Live Wire Weekend, Oct. 29-31: NPR’s Deserved Black Eyes, Privatization Follies and AA’s Bummer
FlaglerLive | October 30, 2010
You’re welcome to send your Live Wire news tips or suggestions to LiveWire@flaglerlive.com.
Today’s Live Wire: Quick Links
- Florida’s Worst Campaign Offenses
- NPR’s Two Black Eyes
- BP Dispersants’ Agent Orange Effect
- The Privatization-Industrial Complex
- Remembering JK Galbraith
- Al Bana and the Muslim Brotherhood
- Bullshit Watch: Energy Bracelets
- GoToby’s New Facebook Page
- Abolishing Nukes Goes Mainstream
- How AA Destroys Lives
- We Miss You John Candy
- Hooters Goes Japan
- A Few Good Links
Live Wire Rewinds
From The St. Pete Times: “Republican candidate for governor Rick Scott has shamelessly preyed on seniors’ financial insecurity to inaccurately paint Democrat Alex Sink as an irresponsible administrator of the state pension funds. The worst scare tactic is a television ad that features a mix of somber, older actors talking into the camera contending “Sink lost billions in Florida’s pension funds. … If she can’t run a pension fund, how can she run a state?” Sink doesn’t run the pension fund. She is one of three elected officials who serve as trustees of the State Board of Administration. A Republican, Attorney General Bill McCollum, and Gov. Charlie Crist are the others. They set broad policy, but the SBA staff does the actual vetting of stocks and investments and make the purchases for the pension and other government accounts. SBA accounts lost significant value with the 2007 collapse of the stock market, but have since rebounded. No retiree’s benefits have been cut or threatened. That hasn’t stopped Scott from scaring seniors. Shameless.” More examples of shamelessness.
It wasn’t enough for NPR to fire Williams, the reporter who said on Fox that he worries every time he sees a Muslim on a plane (a stupid statement by all means, especially since the majority of Muslims he encounters are not robed in his stereotypical impression of what a Muslim looks like, but not an unusual statement: it’s how a majority of Americans think, unfortunately). Before Jon Stewart’s Restore Sanity rally at the National Mall on Saturday, NPR told its reporters that they were barred from attending, unless they were covering the event. From NPR: “We’ve received enormous attention from media of all kinds today about our communication to NPR staff on this question. More press than our coverage of the war in Afghanistan or our investigation of the military’s treatment of those suffering from mild traumatic brain injury. […] We didn’t get questions from staff about the Restoring Honor and One Nation rallies, because it was obvious to everyone that these were overtly political events. It’s different with the Colbert and Stewart rallies; they are ambiguous. But their rallies will be perceived as political by many, whatever we think. As such, they are off limits except for those covering the events.”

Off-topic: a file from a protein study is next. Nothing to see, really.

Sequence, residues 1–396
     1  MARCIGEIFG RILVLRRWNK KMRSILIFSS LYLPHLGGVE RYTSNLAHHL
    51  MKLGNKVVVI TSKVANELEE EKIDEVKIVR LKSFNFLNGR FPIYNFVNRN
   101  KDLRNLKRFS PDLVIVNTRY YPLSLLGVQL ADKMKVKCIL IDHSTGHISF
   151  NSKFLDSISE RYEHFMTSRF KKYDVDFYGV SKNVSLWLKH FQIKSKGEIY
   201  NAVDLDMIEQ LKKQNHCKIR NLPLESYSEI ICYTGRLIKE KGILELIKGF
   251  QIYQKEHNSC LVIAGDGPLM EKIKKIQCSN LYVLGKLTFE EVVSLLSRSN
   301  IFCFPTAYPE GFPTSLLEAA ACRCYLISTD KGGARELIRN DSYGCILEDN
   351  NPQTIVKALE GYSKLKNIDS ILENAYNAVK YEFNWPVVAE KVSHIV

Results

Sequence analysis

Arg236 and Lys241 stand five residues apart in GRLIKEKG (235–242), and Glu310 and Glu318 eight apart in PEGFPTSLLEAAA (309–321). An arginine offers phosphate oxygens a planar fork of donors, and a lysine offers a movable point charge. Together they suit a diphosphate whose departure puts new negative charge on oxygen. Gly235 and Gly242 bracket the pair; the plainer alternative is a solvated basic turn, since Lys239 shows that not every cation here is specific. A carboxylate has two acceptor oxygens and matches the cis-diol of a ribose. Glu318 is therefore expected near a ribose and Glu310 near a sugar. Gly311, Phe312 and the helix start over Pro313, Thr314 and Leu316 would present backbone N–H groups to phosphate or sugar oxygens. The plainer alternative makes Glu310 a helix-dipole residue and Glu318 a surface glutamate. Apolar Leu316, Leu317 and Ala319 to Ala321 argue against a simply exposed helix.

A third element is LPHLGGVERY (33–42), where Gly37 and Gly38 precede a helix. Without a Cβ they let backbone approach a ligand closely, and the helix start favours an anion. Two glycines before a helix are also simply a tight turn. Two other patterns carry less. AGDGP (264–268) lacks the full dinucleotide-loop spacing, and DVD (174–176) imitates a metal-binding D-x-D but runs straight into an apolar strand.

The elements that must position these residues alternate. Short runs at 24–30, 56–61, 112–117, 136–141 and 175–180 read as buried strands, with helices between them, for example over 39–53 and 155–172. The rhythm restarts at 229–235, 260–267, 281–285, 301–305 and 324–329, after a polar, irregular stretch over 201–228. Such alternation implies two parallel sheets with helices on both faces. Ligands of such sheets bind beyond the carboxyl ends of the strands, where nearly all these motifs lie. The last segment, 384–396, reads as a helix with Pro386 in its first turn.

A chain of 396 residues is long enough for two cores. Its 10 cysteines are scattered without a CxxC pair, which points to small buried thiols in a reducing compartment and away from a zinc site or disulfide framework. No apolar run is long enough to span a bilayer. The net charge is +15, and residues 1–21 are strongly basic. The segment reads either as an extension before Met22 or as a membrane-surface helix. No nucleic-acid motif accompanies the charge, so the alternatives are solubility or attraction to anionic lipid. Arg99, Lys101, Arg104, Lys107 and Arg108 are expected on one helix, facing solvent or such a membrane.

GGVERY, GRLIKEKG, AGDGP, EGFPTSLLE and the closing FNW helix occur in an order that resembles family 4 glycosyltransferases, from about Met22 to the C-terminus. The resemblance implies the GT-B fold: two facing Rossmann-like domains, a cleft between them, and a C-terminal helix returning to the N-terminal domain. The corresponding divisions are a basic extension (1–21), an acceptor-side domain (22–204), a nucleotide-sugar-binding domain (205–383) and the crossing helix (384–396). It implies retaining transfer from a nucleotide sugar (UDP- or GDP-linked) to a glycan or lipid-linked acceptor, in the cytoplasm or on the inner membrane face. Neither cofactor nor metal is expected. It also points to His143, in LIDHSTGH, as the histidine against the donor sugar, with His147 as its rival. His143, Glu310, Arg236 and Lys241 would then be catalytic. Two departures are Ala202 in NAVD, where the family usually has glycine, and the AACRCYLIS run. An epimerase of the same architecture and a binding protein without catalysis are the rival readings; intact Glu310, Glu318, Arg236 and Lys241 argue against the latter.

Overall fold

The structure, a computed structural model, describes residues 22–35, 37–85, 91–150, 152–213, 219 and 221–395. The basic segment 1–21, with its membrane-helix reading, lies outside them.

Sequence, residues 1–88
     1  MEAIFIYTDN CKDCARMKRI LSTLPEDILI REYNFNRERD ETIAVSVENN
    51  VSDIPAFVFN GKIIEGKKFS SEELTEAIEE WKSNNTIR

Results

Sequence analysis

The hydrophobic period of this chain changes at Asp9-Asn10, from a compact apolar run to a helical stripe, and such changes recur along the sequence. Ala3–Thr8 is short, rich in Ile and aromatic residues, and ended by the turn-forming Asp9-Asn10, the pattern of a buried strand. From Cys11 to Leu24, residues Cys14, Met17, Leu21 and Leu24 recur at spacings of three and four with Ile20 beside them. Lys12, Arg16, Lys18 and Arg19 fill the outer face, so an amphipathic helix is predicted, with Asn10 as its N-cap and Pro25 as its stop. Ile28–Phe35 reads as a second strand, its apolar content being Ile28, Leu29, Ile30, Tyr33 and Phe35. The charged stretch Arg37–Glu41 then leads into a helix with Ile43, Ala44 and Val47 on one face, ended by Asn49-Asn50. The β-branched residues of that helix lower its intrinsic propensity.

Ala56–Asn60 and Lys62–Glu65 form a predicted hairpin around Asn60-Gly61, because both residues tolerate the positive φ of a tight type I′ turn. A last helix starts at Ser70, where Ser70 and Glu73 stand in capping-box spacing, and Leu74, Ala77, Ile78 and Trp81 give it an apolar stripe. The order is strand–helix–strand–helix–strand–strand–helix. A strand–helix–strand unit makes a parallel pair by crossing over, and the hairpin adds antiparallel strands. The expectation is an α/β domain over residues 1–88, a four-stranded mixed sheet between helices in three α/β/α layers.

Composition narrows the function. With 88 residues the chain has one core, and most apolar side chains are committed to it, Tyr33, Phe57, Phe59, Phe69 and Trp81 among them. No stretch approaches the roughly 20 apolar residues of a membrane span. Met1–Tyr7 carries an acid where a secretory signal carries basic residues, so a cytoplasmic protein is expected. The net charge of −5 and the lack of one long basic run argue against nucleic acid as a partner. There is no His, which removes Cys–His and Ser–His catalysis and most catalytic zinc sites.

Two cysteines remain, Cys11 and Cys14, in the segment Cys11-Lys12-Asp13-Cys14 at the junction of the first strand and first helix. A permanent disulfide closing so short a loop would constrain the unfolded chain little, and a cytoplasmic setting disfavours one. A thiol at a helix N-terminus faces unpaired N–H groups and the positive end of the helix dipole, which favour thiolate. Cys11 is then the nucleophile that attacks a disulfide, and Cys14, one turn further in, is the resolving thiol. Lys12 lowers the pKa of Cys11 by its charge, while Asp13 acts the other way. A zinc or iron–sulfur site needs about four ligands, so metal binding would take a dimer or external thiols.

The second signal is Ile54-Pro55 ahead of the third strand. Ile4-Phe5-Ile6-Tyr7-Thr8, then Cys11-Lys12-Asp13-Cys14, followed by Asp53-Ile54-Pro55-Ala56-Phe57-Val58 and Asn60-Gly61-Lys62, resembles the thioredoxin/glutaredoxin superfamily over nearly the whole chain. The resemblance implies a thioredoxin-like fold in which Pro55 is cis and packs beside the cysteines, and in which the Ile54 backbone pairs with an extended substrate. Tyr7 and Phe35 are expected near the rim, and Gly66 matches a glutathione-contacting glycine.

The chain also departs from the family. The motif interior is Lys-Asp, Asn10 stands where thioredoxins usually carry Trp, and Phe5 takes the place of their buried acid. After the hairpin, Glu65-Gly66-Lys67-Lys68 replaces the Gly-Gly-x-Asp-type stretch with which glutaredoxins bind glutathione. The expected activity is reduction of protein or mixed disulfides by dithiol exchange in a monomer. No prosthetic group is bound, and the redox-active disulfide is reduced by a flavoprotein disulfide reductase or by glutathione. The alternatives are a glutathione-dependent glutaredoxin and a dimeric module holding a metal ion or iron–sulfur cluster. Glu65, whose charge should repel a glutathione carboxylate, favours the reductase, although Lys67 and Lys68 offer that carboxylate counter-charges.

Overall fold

It’s the old notion that a reporter is too dumb to know how to keep her personal opinions separate from a story she might cover. As if attending the event would be any different than watching it from a window or watching it live on TV.
Independent reporter Dahr Jamail investigates sa story no one in the Gulf states, including Florida, has yet touched: sicknesses resulting from BP’s use of chemical dispersants during its Deepwater Horizon spill: “Injected with at least 4.9 million barrels of oil during the BP oil disaster of last summer, the Gulf has suffered the largest accidental marine oil spill in history. Compounding the problem, BP has admitted to using at least 1.9 million gallons of widely banned toxic dispersants (one that has been banned in the UK), which according to chemist Bob Naman, create an even more toxic substance when mixed with crude oil. And dispersed, weathered oil continues to flow ashore daily. Naman, who works at the Analytical Chemical Testing Lab in Mobile, Alabama, has been carrying out studies to search for the chemical markers of the dispersants BP used to both sink and break up its oil. According to Naman, poly-aromatic hydrocarbons (PAHs) from this toxic mix are making people sick. PAHs contain compounds that have been identified as carcinogenic, mutagenic, and teratogenic.” The full story al Al-Jazera, and Jamail’s interview:
- BP Texas Refinery Spewed Tons of Toxic Chemicals for 40 Days Just Before Gulf Blowout
- Drill This: Hundreds in Flagler, Thousands Across Globe’s Sands Link Against Oil
“I think this is just the latest way for people to make money off state and local governments. This is the new way the investment banks, their lawyers, and consultants squeeze the taxpayers….They’re going around making these deals, and it’s very lucrative. It’s like a circus coming to town.” – Clint Krislov